Panel: Data-Driven Analysis for the Impact of Technology Adoption on Electricity Market Prices, Climate Mitigation and Energy Services
(Natural Resource, Energy, and Environmental Policy)

Saturday, November 10, 2018: 3:15 PM-4:45 PM
Taylor - Mezz Level (Marriott Wardman Park)

*Names in bold indicate Presenter

Panel Chairs:  Hongtao Yi, The Ohio State University
Discussants:  Yueming (Lucy) Qiu, University of Maryland, College Park and Ross C Beppler, Georgia Institute of Technology

Time-of-Use Pricing and the Environmental Impact of Electric Vehicle Charging Schedules
Debapriya Chakraborty, University of California, Irvine

Risky Business: Marginal Switching and Price Volatility in Pjm
Alessio Saretto, University of Texas, Dallas, Anastasia Shcherbakova, Texas A&M University and Jeremy Lin, DNV GL

Integration of clean energy technologies in electric grids affects various aspects of the system. Quantifying these impacts provide important information that can inform energy policymaking. The three papers in this panel offers lessons on the associated implications of technology adoption for electricity market prices, climate mitigation and energy services. It covers a diverse range of topics in the energy sector, including natural gas electricity generation, demand response and energy efficiency, and smart meters. Drawing on empirical data from PJM, MISO and the whole nation, papers in this panel improve our understanding of costs and benefits of clean energy technology adoptions.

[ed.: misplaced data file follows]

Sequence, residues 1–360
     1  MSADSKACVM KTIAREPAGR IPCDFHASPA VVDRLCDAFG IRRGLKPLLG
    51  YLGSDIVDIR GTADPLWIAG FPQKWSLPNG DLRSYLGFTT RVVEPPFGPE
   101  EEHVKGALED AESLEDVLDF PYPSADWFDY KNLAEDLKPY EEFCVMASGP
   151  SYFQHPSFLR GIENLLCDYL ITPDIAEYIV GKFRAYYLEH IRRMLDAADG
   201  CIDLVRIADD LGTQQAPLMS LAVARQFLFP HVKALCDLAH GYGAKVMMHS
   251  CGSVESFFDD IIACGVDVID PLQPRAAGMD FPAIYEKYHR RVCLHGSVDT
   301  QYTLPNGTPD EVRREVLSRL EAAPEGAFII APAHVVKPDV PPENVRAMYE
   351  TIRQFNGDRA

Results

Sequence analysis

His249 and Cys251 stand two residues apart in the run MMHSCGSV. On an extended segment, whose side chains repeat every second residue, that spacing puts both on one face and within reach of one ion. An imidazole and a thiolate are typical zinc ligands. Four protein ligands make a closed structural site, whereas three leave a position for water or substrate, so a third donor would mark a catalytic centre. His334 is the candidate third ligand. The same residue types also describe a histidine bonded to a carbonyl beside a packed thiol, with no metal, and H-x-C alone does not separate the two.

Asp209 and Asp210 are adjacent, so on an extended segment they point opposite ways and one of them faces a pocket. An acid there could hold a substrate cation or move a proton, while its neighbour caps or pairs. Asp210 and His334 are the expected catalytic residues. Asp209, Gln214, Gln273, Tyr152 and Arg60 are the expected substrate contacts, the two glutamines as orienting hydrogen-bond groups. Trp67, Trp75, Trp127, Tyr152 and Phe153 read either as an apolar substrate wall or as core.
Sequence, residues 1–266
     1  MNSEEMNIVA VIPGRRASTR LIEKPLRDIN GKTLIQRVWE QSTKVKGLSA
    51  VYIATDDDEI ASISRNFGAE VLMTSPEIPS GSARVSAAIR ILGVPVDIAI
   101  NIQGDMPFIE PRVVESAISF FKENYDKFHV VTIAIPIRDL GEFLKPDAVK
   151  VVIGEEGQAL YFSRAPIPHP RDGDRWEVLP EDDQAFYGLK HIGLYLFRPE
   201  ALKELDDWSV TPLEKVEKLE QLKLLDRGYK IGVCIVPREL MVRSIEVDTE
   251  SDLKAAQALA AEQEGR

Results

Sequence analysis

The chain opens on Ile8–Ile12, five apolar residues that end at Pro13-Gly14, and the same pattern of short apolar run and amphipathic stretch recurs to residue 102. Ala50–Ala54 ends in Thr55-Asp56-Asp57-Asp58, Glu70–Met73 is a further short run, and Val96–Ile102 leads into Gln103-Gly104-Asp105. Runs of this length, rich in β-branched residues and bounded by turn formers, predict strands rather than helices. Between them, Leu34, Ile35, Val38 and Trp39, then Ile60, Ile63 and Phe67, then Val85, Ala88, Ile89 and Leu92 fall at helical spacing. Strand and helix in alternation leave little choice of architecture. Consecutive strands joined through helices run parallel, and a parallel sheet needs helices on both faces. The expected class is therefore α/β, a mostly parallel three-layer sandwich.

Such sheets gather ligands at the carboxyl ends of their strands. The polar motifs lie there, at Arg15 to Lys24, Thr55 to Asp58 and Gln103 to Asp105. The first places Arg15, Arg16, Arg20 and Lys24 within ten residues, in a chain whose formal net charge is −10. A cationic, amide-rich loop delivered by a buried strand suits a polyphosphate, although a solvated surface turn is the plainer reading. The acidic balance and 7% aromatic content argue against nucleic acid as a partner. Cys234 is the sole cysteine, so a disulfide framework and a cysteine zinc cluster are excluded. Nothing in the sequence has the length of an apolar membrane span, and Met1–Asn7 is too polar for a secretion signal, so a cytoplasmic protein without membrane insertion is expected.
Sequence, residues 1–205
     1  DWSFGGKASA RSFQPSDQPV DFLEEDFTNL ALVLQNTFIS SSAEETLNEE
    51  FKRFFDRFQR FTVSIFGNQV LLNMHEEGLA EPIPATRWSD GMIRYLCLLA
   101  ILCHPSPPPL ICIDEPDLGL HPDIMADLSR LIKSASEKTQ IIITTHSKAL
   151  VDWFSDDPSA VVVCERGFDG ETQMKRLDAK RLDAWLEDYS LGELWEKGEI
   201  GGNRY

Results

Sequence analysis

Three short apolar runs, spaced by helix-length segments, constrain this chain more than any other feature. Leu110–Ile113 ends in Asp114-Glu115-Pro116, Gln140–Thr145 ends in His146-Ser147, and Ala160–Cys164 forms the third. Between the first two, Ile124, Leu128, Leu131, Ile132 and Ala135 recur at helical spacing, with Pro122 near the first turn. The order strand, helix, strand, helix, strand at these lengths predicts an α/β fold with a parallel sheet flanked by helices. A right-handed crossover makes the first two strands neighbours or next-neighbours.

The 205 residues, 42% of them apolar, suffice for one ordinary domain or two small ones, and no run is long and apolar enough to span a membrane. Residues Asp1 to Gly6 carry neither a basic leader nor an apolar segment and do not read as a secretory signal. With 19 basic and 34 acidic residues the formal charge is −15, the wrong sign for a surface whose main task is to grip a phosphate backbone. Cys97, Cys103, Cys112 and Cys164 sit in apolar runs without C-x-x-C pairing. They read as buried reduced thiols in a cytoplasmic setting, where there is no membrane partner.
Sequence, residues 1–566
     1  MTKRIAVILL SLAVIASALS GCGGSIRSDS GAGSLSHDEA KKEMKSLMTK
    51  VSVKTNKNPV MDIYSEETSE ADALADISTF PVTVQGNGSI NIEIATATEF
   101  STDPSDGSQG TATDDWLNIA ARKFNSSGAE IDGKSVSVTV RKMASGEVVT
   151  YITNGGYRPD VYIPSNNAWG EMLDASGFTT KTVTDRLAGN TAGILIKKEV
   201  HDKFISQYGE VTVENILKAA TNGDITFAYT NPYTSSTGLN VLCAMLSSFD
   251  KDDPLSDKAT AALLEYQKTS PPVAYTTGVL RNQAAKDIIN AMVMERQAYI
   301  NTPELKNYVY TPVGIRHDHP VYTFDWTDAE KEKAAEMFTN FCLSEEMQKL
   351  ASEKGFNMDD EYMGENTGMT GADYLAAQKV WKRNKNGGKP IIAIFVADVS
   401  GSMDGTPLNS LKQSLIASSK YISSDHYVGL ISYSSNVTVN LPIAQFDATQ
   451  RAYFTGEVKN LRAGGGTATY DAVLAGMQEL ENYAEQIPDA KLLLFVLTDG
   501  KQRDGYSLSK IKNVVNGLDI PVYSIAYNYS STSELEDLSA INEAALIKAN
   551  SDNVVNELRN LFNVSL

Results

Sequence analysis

The first paper in our panel examines whether natural gas generation leads to higher price volatility. The authors compare natural gas to coal, and use emergency outages of coal generators as a quasi-natural experiment to test the effect of natural gas generation on wholesale electricity price volatility. Based on PJM data from 2014 to 2016, the authors did not find significant increase in price or price volatility, given more use of natural gas in electricity generation.


The second paper examines the emission-reduction benefits of efficiency and demand response using marginal emission factors (MEFs) in high temporal and spatial resolution. The paper investigates the pattern in MEFs for CO2, NOx, and SO2 in MISO for hourly power generation. It asks if the MEFs correlate with locational marginal prices in the desirable way. Results suggest that MEFs are high in hours when prices are low. The estimates indicate that in the context of high real time LMPs, avoided emissions from demand response are lower than those from energy efficiency.


The third paper explores how increasing penetration of smart grid technology in the past decade in the United States has influenced other utility efforts for cleaner and smarter energy. The analysis draws on utility level data from EIA 861 form from 2007 to 2017 to test the relationship between smart meter penetration and utility development of a range of sustainable energy services. Analyses using aggregated macro level data suggest that utility smart meter rollouts tend to be positively correlated with the improvement of demand response and customer engagement experience, but not distributed generation. This analysis provides preliminary evidence for understanding the environmental and social benefits of AMI meters.